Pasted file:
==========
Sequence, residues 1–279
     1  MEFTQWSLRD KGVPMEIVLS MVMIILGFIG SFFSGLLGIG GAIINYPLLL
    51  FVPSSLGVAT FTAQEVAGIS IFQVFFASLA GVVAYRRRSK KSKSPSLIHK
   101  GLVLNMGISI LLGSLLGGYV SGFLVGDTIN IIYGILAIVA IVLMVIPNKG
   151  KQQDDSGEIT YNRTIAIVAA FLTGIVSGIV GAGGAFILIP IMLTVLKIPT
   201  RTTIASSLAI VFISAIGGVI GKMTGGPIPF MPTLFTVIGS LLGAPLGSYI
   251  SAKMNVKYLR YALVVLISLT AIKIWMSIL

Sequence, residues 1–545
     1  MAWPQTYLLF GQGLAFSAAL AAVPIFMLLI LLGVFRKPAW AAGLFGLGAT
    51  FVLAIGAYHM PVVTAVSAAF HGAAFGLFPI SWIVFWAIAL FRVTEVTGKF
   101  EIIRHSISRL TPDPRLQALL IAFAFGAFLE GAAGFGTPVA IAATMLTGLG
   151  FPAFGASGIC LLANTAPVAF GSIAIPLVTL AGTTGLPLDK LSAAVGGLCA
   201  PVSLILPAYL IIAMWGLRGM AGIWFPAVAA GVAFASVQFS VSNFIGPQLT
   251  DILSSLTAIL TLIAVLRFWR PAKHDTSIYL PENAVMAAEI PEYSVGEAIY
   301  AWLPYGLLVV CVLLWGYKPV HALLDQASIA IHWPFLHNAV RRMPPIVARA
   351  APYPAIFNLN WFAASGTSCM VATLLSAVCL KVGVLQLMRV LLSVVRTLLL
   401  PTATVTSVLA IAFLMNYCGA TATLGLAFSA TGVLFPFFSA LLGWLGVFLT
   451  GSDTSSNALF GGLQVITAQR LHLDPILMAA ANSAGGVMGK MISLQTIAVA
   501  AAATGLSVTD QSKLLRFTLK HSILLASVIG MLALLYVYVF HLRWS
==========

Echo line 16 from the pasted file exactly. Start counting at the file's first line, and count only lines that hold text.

   351  APYPAIFNLN WFAASGTSCM VATLLSAVCL KVGVLQLMRV LLSVVRTLLL